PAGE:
[A hidden Covid-19 Crisis: Domestic Abuse Rises Worldwide
Social Distancing restrictions aimed to stop the spread of the coronavirus may be making violence in homes more frequent and in some cases, more severe. Children are also especially vulnerable to domestic abuse during this pandemic. Research shows that increased stress levels among parents is often a major predictor of physical abuse and neglect of children and adolescents.[/vc_column_text][vc_empty_space][vc_column_text]
Nearly 1 in 10 women in the United States have been raped by an intimate partner in her lifetime.
1 out of every 3 women have experienced an abusive relationship.
81% of women who experienced rape, stalking, or physical violence by an intimate partner reported significant short- or long-term impacts such as post-traumatic stress disorder symptoms and injury.
Below are 10 common indicators:
- Stalking: questioning your every move and telling you that they love you and are being protective
- Texting or calling you constantly; telling you they are concerned about you and want to make sure your safe
- Control of your finances; force you to account in detail what you spend
- Criticize you for every little thing you do
- Humiliate you in front of your family and friends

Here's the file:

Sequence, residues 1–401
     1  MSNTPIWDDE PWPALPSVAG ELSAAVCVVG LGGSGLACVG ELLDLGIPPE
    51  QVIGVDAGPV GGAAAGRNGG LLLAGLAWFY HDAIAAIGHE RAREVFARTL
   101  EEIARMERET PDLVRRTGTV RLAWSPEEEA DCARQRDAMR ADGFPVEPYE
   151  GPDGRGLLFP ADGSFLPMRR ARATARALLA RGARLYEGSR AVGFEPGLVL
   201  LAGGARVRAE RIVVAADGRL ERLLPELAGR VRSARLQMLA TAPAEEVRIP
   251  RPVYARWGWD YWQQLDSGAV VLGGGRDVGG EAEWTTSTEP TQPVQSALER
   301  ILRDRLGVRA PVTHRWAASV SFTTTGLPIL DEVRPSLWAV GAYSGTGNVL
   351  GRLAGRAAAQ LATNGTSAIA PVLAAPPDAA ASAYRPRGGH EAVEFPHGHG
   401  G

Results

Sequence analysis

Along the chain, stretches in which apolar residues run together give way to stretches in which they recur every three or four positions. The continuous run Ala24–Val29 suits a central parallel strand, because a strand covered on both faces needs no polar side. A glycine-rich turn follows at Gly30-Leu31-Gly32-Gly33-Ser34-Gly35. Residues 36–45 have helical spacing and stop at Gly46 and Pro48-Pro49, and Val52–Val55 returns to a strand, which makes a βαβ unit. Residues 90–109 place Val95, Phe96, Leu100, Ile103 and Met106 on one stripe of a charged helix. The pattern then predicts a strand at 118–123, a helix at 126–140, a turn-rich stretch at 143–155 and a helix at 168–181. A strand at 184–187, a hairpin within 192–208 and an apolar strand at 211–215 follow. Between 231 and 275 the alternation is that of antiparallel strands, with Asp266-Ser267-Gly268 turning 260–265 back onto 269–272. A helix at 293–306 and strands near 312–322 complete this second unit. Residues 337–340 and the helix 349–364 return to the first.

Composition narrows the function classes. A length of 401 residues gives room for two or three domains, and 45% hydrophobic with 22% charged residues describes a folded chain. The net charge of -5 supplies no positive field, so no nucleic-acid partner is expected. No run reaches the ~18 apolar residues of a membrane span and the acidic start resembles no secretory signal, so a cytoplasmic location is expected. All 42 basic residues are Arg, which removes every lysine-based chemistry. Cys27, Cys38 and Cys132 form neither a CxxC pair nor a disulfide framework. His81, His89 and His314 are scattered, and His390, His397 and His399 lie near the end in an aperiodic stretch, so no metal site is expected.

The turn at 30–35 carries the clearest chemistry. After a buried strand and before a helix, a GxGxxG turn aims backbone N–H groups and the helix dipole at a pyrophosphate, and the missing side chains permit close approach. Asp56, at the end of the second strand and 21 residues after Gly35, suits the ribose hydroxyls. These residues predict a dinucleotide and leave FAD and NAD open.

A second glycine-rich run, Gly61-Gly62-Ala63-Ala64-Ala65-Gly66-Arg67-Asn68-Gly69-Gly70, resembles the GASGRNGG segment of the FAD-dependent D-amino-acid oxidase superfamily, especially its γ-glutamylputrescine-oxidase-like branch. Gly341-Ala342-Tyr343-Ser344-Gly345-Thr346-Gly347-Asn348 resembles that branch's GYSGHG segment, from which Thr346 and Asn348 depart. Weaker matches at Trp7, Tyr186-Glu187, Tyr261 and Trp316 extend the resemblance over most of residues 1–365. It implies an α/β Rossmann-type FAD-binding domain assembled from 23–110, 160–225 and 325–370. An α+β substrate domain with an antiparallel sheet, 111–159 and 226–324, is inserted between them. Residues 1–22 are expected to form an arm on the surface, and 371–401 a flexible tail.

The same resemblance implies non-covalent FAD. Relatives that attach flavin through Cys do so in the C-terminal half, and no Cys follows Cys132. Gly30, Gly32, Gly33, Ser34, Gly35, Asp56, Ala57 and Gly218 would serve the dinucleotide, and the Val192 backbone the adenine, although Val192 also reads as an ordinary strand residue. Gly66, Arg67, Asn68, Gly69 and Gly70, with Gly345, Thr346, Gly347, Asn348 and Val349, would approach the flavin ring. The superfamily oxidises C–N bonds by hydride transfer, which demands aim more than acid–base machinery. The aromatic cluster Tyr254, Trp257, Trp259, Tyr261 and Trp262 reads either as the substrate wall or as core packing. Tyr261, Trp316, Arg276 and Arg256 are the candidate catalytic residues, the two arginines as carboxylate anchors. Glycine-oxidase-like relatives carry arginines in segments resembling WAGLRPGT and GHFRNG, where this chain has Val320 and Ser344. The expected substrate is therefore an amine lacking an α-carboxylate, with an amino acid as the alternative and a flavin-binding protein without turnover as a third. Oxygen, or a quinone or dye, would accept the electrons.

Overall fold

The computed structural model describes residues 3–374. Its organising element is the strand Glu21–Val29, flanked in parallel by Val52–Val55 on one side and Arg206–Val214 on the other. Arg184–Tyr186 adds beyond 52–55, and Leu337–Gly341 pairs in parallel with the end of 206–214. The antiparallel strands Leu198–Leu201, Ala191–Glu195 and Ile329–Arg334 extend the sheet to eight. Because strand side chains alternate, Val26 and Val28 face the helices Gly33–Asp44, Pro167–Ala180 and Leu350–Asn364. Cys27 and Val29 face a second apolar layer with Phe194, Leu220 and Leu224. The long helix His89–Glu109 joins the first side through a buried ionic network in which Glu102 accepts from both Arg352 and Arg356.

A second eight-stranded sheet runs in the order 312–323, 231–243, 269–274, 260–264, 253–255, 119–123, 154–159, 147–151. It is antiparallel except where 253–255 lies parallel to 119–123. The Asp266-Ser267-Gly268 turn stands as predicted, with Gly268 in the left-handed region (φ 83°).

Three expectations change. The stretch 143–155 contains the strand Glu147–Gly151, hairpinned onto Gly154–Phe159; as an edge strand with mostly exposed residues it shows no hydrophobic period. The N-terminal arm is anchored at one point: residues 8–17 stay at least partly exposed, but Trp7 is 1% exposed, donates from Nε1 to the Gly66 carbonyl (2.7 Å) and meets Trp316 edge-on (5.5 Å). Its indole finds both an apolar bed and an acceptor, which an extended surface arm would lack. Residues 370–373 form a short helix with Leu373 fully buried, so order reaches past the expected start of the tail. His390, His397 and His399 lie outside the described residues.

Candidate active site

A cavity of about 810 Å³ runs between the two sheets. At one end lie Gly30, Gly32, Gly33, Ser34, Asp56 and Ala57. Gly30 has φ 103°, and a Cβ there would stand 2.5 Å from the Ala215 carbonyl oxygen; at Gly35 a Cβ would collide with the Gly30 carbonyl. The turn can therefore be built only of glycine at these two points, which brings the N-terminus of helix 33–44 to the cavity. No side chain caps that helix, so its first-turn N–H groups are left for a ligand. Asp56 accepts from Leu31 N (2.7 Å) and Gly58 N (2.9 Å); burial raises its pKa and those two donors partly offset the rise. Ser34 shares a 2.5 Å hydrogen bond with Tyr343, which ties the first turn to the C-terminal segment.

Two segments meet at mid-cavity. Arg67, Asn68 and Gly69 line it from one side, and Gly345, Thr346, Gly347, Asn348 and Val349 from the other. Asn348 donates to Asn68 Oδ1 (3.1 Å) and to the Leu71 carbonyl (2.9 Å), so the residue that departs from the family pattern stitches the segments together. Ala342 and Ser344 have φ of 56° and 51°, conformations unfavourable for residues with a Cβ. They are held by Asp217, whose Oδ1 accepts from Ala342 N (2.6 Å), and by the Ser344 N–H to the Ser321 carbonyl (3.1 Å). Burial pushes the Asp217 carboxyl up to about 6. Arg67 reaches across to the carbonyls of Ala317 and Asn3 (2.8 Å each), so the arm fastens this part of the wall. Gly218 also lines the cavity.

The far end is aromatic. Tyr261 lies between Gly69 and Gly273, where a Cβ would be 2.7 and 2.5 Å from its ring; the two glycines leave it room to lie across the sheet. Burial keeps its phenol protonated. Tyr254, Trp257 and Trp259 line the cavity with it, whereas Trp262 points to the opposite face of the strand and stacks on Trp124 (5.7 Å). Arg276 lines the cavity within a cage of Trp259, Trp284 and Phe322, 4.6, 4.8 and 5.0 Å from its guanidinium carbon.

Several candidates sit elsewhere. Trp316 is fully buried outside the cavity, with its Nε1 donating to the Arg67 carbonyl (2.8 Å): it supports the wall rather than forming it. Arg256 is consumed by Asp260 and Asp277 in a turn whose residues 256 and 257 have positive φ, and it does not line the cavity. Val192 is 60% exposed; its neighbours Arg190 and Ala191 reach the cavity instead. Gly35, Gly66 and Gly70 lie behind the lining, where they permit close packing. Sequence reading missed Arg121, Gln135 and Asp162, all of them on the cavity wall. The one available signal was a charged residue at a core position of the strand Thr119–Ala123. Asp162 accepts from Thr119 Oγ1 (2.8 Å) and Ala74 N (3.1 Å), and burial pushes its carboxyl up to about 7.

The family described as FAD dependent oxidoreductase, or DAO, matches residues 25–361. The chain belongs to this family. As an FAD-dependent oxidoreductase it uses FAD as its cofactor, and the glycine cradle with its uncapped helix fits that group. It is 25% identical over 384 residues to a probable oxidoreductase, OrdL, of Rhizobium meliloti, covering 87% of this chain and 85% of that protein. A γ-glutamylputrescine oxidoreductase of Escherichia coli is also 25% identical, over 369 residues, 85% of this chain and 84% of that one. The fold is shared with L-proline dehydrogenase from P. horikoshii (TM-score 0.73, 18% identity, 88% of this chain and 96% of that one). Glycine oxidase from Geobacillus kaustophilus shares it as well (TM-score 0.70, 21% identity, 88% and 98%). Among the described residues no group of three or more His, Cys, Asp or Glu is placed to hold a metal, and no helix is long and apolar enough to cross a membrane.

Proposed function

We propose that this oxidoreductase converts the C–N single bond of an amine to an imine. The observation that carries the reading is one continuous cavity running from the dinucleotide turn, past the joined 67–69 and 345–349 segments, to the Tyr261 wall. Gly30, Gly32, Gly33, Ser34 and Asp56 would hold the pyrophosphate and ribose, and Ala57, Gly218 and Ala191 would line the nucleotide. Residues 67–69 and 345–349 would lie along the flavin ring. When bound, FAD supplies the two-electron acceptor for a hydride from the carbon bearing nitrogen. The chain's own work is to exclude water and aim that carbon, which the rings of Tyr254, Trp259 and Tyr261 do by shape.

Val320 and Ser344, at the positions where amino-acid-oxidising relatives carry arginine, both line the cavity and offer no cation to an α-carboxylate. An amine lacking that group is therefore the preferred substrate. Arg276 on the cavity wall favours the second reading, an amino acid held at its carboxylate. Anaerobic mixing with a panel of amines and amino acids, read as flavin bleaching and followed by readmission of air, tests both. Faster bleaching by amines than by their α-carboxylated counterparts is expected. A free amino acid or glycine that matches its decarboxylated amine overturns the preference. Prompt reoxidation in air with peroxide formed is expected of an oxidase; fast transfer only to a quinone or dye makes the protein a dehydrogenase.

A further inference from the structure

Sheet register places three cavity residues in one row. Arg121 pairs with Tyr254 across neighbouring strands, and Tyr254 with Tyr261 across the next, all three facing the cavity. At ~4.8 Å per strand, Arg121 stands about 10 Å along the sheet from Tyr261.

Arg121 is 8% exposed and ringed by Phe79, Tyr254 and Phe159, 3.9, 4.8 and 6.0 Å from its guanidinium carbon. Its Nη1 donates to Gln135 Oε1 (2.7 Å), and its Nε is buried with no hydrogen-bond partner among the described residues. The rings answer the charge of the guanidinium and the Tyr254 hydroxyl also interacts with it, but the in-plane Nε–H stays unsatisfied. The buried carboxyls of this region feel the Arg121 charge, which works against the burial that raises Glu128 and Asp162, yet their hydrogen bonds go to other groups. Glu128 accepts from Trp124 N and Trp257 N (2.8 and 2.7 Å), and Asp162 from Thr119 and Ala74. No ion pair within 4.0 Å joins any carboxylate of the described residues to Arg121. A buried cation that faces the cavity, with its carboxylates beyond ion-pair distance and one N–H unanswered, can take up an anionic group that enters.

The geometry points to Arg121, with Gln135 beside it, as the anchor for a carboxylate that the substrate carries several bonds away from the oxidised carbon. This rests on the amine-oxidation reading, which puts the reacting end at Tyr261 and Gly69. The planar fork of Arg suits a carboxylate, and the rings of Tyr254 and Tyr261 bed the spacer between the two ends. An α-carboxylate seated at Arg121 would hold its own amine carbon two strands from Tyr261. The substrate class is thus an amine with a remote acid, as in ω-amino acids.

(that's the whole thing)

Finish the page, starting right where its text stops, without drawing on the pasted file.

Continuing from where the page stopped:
- Angers easily, particularly if he or she is drinking
- Force you to have sex against your will
- Hits or punches you
- Jealous of friendships or any other outside relationships
- Isolation from family and friends
If you can say yes to even one of these you are in an abusive relationship!
- Don’t ignore the problem, be prepared and make a safety plan
- Often in a calm stage, victims chose to remain in a relationship hopeful that the abuser will change
- It is important to have a safety plan in the event the violence erupts again
- Call a shelter if you do not have elsewhere to go, find out about legal options or other resources available to you before you have to use them
- Prepare an emergency bag, extra cash, checkbook, savings account, identification, medical insurance card and address book
- Keep the emergency bag in a safe place where the abuser cannot find it
- Know exactly where to go and how to get there; even if the battery should occur in the middle of the night
- Leave the situation; take the kids with you
- If you are in immediate danger call 911